Wow! Have 30 years gone by fast! It seems like yesterday when a small group of Andover PTO mothers brainstormed S.H.A.R.E Day (See How the Arts Reaches Everyone) into existence. They wanted to find a way to bring the children together with the wonderful artists and craftspeople of all kinds living in Andover and nearby. Before the school year was done, they had arranged with the elementary school administration for a special day of workshops involving musicians, dancers, fine artists, and craftspeople. It was a big success and has become a yearly event.
Workshops for 3-8 Graders last 2 hours. Some past workshops were: archery, bookmaking, basket making, weaving, wood crafts, karate intro, golf, mountain biking, tie dying, dance, intro to the guitar, maple sugaring. There are workshops designed for the children in Kindergarten – Grade 2, which are shorter in length. Students in higher grades participate in two workshops of their choice. The school day ends with a special program and a display of the creations of the day.
We are very thankful for all the community members and faculty members of Proctor Academy who made this day possible for so many years. Thank you!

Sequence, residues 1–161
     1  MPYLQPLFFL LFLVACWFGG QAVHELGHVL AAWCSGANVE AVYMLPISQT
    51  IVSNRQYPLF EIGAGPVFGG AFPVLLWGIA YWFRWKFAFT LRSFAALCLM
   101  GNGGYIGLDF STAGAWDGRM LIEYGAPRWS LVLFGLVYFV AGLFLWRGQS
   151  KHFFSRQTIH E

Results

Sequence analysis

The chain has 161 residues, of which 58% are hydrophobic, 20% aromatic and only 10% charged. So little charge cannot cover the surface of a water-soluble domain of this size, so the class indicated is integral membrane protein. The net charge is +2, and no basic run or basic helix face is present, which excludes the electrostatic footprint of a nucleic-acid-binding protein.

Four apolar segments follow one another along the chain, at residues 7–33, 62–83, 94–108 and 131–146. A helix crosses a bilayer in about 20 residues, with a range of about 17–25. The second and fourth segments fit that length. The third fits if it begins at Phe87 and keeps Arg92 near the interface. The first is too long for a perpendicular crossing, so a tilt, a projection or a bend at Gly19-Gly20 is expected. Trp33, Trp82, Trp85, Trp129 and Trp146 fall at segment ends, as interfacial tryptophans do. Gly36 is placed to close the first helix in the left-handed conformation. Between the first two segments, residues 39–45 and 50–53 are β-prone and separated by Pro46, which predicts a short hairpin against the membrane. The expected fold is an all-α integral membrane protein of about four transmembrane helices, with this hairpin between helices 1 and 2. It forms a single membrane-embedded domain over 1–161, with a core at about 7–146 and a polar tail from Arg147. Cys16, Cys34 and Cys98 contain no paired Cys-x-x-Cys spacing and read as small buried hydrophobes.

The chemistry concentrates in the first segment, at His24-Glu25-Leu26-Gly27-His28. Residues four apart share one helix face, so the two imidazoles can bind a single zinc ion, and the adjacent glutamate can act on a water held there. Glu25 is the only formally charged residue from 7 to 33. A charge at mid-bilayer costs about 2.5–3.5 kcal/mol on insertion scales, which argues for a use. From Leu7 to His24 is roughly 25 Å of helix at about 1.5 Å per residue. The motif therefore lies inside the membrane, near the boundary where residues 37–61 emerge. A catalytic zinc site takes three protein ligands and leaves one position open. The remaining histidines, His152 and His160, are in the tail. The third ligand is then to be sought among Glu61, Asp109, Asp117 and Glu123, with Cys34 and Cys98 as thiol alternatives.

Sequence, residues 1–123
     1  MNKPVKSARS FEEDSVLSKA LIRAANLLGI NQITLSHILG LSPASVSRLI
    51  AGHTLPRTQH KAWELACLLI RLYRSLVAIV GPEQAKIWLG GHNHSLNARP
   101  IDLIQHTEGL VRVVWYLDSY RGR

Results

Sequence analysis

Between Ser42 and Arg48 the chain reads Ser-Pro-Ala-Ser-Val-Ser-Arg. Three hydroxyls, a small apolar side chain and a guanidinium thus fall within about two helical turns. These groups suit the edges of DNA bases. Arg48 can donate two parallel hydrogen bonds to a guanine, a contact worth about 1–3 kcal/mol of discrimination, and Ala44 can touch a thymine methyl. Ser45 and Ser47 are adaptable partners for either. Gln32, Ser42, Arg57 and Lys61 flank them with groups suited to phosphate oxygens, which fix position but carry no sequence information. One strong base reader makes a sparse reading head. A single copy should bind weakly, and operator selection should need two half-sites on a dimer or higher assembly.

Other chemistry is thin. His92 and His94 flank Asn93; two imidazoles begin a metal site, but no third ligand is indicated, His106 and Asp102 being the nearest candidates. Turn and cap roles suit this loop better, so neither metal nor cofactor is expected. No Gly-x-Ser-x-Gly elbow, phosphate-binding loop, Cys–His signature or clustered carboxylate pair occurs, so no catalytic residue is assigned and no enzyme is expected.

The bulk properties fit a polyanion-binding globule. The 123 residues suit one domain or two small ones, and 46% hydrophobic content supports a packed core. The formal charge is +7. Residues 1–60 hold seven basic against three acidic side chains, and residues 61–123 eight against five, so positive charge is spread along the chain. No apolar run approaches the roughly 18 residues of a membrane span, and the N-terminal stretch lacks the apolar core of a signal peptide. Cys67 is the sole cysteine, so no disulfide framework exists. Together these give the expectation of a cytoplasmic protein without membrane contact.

ALL WRITERS, FINE ARTISTS, MUSICIANS, CRAFTSPEOPLE, AND ANYONE ELSE INTERESTED IN LEADING A WORKSHOP OR HELPING, PLEASE CALL: Gisela Darling 735-5681 (e-mail: email@example.com) or Jane Slayton, School Principal, at 735-5494.
We would also love to have any workshop leaders from 1989 join us in leading a workshop and/or joining in the big celebration at day’s end.
We also need volunteers to assist the workshop leaders and help the lower grades with their special activities.
Sign-up forms will be available at the school meeting, Monday, March 4 and/or town meeting, Tuesday, March 12 and at the school.
Please contact us as soon as possible. The workshops need to be in place at the beginning of April to allow time for the information to be sent home and students to make their choices before April vacation.
When printed in the March edition of the Beacon, we credited Gisela Darling for this article when it was actually written by Margo Coolidge.